mapping the galaxy
There are somewhere between 100 and 400 billion stars in our galaxy alone, and at least as many planets, but we’ve only catalogued a tiny fraction of them. This is set to change over the next five years as the European Space Agency switches on the twin telescopes aboard its Gaia spacecraft (below), which includes a billion-pixel camera sensor.
The mission, which launched last September, will log data on a billion stars in an attempt to create a three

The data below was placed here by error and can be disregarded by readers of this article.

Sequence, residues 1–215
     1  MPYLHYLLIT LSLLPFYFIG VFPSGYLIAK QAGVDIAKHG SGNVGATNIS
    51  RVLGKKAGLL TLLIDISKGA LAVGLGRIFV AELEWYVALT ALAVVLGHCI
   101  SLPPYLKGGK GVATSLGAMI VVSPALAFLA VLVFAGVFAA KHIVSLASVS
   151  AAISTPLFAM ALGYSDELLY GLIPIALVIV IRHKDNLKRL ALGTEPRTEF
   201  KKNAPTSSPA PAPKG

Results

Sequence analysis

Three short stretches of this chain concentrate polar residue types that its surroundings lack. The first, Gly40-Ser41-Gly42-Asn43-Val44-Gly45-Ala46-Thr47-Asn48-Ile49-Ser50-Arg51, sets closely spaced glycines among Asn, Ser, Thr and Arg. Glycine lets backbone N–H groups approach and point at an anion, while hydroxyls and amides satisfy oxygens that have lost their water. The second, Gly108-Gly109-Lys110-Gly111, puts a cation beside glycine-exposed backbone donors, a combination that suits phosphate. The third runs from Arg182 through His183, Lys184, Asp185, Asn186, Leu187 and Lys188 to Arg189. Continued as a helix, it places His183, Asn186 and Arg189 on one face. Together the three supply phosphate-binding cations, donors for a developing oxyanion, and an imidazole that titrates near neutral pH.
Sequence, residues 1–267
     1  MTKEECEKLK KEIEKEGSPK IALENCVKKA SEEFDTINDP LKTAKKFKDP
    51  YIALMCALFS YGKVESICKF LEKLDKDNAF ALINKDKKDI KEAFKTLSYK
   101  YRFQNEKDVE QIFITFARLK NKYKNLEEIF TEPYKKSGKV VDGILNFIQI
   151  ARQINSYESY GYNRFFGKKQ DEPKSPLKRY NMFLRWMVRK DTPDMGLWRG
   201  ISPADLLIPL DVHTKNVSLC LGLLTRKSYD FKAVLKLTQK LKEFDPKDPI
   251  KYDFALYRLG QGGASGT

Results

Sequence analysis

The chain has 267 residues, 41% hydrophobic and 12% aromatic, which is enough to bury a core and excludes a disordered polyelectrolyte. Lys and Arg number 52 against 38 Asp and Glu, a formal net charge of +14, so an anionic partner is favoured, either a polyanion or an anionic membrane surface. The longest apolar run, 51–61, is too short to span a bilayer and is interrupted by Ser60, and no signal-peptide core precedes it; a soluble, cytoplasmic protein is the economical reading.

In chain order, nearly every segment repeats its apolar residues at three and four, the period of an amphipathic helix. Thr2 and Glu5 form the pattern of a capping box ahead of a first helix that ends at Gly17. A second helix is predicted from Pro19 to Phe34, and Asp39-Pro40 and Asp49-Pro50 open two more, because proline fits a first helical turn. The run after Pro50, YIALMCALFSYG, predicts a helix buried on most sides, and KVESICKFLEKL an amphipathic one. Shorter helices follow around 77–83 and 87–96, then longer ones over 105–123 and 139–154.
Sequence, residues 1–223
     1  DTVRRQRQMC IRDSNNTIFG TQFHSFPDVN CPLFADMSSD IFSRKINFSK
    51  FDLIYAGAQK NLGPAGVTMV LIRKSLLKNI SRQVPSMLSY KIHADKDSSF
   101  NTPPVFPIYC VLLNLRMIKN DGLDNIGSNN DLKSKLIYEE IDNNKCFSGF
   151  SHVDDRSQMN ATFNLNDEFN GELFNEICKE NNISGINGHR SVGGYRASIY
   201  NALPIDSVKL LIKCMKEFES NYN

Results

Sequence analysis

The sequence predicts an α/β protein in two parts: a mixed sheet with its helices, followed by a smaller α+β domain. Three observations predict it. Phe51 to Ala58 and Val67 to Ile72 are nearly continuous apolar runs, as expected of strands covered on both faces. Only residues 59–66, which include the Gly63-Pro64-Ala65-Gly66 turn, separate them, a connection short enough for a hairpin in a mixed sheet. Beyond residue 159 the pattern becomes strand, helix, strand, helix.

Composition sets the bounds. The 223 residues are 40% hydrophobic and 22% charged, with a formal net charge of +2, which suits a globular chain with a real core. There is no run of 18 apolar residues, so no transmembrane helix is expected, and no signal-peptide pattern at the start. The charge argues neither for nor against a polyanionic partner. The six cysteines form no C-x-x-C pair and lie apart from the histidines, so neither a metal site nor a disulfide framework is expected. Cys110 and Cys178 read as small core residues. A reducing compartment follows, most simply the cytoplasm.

dimensional, Google Maps-style plan of the Milky Way. It should reveal planets we never knew existed and help us track the path of asteroids to mine/fear impact from.
With a 5MB/s stream of images heading back to Earth, data will hit a petabyte by 2020, which is likely to take astronomers decades to analyse. You might be able to help, though: similar projects have called on the public to help sift through mountains of raw data. So,